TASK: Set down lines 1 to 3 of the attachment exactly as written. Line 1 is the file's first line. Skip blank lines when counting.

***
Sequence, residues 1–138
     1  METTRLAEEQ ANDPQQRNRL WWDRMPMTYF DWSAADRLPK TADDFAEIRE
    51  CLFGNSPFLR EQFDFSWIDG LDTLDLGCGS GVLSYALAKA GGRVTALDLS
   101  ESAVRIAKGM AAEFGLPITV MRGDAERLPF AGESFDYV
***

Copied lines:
Sequence, residues 1–138
     1  METTRLAEEQ ANDPQQRNRL WWDRMPMTYF DWSAADRLPK TADDFAEIRE
    51  CLFGNSPFLR EQFDFSWIDG LDTLDLGCGS GVLSYALAKA GGRVTALDLS